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Sass Import

DZone's Guide to

Sass Import

In this post, we take a look at the CSS preprocessor, Sass, and how to use SCSS code to import external files into your web app.

· Web Dev Zone ·
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Deploying code to production can be filled with uncertainty. Reduce the risks, and deploy earlier and more often. Download this free guide to learn more. Brought to you in partnership with Rollbar.

We can follow the progress of the CSS language by following the development of its preprocessors. Which preprocessor to use is a discussion for a different time, but it's really necessary to use one because they allow features that don't exist in CSS yet (we have also written about the ones that exist though, e.g. columns, underline, font size).

One of the preprocessors is Sass and one of these extra features is import, which is the theme of this post. My next post is the export feature, so you'll have something to look forward to.

Before you can use the import feature or Sass at all, you need to set up Sass in your project, to which end the Sass guide will help.

@import

The import feature works pretty much as expected. You can import a .scss file in another one, and all the variables in it will be available. The syntax is @import and the name of the SCSS file. You can define the SCSS file without the .scss extension and it will work.

 @import "colors";
 @import "fonts";
 @import "buttons";
 @import "forms";

Here's the short form:

 @import "colors", "fonts", "buttons", "forms"; 

In this example, the SCSS file with this code can use all the styles defined in the colors.scss , fonts.scss, btn_styles.scss and form_styles.scss files in the current directory. The content of these files will replace the @import statement.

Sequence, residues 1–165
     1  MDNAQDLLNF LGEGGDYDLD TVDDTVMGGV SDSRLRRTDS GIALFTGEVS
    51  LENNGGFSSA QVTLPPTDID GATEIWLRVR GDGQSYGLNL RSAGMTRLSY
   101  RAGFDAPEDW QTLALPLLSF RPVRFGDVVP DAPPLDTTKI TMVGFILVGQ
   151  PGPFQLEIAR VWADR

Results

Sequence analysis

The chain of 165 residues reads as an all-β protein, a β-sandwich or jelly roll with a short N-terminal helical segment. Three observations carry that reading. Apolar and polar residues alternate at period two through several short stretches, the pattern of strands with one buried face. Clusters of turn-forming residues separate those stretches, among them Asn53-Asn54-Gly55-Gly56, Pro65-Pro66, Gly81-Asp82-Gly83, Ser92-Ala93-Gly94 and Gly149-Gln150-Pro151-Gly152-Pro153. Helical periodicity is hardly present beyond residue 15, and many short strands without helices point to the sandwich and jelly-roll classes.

Partials

Sass compiles all the .scss or .sass files inside the directory it's watching. If you don't want to compile it directly you don't need to.

You can tell Sass not to compile a file with the file's name. If you add an underscore to the start of the file name, Sass won't compile it. So, if you don't want colors.scss to compile to colors.css, name the file _colors.scss instead. Files that are thusly named are called partials, in Sass terminology. The rule about using import without an extension works here too.

Partials are used as general style files (reset, colors, fonts, typography, navigation, forms, buttons, grids, figures, header, sidebar, footer...) and other files usually work as page styles.

Nested @import

We have already written about nesting and how important it is in CSS pre-processors.

Even if it's typical to include your @import statements at the top of the importing file, you can nest @import wherever. The example which follows will explain the second most common usage of this feature.

_background.scss

 div{
     background-color:#ababab;
 }

homepage.scss

 section{
     @import "background";
 }

Assuming the two files are located in the same folder, the code would compile to (homepage.css):

 section div{
     background-color:#ababab;
 }

So you can import the partial file directly inside the block of code, and it's going to be compiled just as expected.

Extra

Just to be sure it's clear, when defining the file to import, it's possible to use all folders' common definitions.

Example 1:

 @import "style/*" 

This way all the files in the style folder will be compiled.

Example 2:

 @import "../../style/buttons" 

This way buttons.scss from the current file will be compiled.

Closing Words

If you're using Sass, you better make a good structure for your stylesheets, because it's almost all about that. The structure without @import in Sass is impossible to do well.

Deploying code to production can be filled with uncertainty. Reduce the risks, and deploy earlier and more often. Download this free guide to learn more. Brought to you in partnership with Rollbar.

Topics:
web dev ,css ,sass ,css preprocessor

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